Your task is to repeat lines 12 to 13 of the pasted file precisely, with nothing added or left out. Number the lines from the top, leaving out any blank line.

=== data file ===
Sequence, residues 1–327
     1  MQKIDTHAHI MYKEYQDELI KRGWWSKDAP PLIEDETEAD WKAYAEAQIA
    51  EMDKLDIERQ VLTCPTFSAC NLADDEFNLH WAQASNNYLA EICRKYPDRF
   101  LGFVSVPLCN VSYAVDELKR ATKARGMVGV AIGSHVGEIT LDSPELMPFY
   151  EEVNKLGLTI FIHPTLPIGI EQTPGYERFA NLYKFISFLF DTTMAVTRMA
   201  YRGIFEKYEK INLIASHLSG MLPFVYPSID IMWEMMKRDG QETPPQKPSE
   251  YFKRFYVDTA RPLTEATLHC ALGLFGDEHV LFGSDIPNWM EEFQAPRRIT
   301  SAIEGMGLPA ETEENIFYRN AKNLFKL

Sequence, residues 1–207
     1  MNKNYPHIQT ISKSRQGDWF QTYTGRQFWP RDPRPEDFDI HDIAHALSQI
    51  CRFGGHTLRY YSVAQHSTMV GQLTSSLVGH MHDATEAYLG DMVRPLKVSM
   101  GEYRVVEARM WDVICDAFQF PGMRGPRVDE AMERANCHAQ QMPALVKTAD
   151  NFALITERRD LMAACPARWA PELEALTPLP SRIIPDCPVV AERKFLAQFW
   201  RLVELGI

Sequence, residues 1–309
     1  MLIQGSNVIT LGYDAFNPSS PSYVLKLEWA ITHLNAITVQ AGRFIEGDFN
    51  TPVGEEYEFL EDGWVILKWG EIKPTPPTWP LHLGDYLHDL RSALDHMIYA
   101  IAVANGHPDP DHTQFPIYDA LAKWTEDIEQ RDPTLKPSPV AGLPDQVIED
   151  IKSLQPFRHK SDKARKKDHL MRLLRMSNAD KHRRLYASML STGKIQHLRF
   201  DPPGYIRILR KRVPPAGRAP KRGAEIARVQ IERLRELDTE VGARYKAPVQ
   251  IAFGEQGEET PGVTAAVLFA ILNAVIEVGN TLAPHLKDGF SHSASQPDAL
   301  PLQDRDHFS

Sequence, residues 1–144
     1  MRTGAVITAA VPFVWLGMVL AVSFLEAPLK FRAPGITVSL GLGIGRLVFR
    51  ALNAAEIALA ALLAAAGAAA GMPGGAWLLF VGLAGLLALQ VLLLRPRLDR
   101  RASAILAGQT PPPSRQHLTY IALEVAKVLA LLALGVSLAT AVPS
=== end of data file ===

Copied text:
   101  GEYRVVEARM WDVICDAFQF PGMRGPRVDE AMERANCHAQ QMPALVKTAD
   151  NFALITERRD LMAACPARWA PELEALTPLP SRIIPDCPVV AERKFLAQFW